clown

When we see a w in a Spanish word, we know that Spanish borrowed the word from another language. In the case of clown, which my dictionary indicates Spanish pronounces the same as English, the contributing language was indeed English, but clown isn’t native in English, either. The American Heritage Dictionary notes that it comes from a Germanic language and offers Scandinavian klunni ‘clumsy person’ as a possible source. The Online Etymology Dictionary notes that the spellings clowne and cloyne appeared in English in the 1560s, when the word meant ‘rustic, boor, peasant.’ Other possible relatives are Swedish kluns ‘a hard knob; a clumsy fellow,’ Danish klunt ‘log, block,’ and North Frisian klönne ‘clumsy person.’ Whatever the origin of clown, English has derived from it the adjective clownish and the abstract noun clowning. That last, which looks just like a present participle, reminds us that English has a lot of freedom to use a word as different parts of speech, so that clown can be not only a noun but also a verb, in which role it is often followed by around.

© 2013 Steven Schwartzman

Advertisements

6 Comments (+add yours?)

  1. shoreacres
    Dec 15, 2013 @ 22:43:47

    More and more often, I’m coming across statements like, “It’s not cool to clown someone on their Facebook page”. From what I can tell, it’s a way of saying it’s not cool to deceive someone or trick them, often with trollish behavior.

    The implication of clumsiness is interesting. When I was a kid, clowns were regarded as skilled. They juggled, they trained dogs to do tricks. They didn’t depend so much on physical comedy. The last bastion of that may be the rodeo clown, who still attempts to project an aura of apparent clumsiness or thick-headedness even while engaging in his highly skilled and dangerous profession.

    Reply

    • Steve Schwartzman
      Dec 17, 2013 @ 08:24:38

      (I replied to this yesterday, but somehow my reply disappeared.) I haven’t run across clown as an active verb yet, but the digital world has given rise to new uses of old words (e.g. mouse, icon, window), so I can’t say I’m surprised. Clown (as opposed to clown around) also fits the trend of dropping the second part of two-word verbs, for example passed instead of passed away.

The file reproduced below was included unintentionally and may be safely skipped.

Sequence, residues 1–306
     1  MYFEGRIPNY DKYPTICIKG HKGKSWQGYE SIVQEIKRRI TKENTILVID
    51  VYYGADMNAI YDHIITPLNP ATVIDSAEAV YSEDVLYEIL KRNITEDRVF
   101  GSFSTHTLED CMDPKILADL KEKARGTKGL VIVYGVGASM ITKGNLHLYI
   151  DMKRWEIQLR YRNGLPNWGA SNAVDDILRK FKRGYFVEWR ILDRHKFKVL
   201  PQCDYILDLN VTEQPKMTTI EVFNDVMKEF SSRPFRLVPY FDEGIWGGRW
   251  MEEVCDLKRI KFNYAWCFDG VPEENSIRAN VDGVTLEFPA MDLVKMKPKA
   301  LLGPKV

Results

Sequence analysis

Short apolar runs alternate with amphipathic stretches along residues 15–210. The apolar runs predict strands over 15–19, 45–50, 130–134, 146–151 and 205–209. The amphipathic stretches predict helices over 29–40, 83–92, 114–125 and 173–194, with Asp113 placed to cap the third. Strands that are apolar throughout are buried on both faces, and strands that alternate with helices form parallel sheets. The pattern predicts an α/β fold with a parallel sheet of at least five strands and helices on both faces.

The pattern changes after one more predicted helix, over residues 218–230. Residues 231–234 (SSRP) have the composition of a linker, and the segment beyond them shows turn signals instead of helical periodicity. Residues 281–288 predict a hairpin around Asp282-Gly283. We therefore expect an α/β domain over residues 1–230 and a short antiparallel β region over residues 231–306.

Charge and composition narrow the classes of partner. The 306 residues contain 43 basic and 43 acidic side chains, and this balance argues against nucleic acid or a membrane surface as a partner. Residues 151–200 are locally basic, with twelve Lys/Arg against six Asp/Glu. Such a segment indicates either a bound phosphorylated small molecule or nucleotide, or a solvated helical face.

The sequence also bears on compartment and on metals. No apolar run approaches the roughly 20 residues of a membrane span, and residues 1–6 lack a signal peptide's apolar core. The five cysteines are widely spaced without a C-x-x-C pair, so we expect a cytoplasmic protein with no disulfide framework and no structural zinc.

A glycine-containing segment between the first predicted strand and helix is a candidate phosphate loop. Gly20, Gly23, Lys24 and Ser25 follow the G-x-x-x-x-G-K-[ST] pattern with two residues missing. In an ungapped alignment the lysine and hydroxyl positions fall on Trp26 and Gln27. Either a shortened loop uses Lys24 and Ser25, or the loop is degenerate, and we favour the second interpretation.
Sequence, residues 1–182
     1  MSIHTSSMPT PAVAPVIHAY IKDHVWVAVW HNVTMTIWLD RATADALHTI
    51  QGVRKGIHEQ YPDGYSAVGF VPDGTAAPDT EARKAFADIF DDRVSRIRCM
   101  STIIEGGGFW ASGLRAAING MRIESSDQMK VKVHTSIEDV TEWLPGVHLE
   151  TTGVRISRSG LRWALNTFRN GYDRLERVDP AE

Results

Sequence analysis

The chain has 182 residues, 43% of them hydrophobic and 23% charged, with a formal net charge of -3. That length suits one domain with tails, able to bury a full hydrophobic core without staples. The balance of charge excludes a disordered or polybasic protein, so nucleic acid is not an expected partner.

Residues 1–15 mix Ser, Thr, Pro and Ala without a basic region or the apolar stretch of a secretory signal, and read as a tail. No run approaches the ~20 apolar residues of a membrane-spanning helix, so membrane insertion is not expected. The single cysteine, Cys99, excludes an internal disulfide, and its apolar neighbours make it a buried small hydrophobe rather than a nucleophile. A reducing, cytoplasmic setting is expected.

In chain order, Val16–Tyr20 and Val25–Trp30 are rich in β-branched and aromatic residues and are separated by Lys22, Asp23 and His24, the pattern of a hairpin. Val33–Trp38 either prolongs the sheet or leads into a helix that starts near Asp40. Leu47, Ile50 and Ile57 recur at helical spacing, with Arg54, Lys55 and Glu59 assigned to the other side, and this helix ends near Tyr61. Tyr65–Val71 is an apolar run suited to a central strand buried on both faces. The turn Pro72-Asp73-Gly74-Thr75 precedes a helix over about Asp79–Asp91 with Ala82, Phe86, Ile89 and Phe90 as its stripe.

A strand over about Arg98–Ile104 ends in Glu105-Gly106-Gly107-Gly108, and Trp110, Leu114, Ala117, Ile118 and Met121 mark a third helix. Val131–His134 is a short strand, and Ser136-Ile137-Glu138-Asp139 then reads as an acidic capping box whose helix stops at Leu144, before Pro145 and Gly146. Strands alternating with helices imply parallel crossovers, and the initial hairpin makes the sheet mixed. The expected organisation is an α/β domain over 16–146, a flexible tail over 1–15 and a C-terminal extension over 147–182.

What you said about the skill of clowns made me think of the Harlem Globe Trotters.

      Reply

      • shoreacres
        Dec 17, 2013 @ 09:41:16

        A few years ago, I obtained a 700 page book that records the history of the area where my parents grew up. It’s all family-submitted information – newspaper clippings, photos and so on.

        Because my mother was on her school’s basketball team, I had read through most of the sports entries, and remembered this.

        Basketball in Melcher moved into a new home in 1931-1932 as primarily community volunteer labor completed the quonset hut structure just north of the school…

        Not only were their school games played there…it was also common during the 20’s and 30’s that professional touring teams played here. Examples of crowd-pleasing clown teams were Olson’s Terrible Sweedes, Gilkerson’s Union City Giants, and the Original Harlem Globetrotters.

        The appearance of the Trotters was delayed one week when their Model A got stuck between Pleasantville and Melcher and arrived too late. They returned on a later date to play.

        My gosh.

        Reply

        • Steve Schwartzman
          Dec 17, 2013 @ 10:44:15

          I remember the Quonset (or quonset) hut as something that came into being in World War II, so I was puzzled by the mention of a quonset hut in 1931-32. At

          http://en.wikipedia.org/wiki/Quonset_hut

          I found that the World War I predecessor was a British building called the Nissen hut, so perhaps that or something like that is what your mother played in, and later writers would anachronistically have called it a quonset hut.

          Reply

  2. Kathryn
    Dec 16, 2013 @ 23:20:33

    So, is ‘clod’ attached to this group? Seems like a cousin, perhaps

    Reply

    • Steve Schwartzman
      Dec 17, 2013 @ 08:32:12

      I’ll have to be a clod and say that I don’t know. Clod apparently arose as a variant of clot, but none of the etymological dictionaries I’ve looked in connects that to clown or its Germanic antecedents. Still, that doesn’t mean there isn’t a relationship.

      Reply

Leave a Reply

Fill in your details below or click an icon to log in:

WordPress.com Logo

You are commenting using your WordPress.com account. Log Out / Change )

Twitter picture

You are commenting using your Twitter account. Log Out / Change )

Facebook photo

You are commenting using your Facebook account. Log Out / Change )

Google+ photo

You are commenting using your Google+ account. Log Out / Change )

Connecting to %s

If you encounter an unfamiliar technical term in any of these postings, check the Glossary in the bar across the top of the page.
©2011–2016 Steven Schwartzman
%d bloggers like this: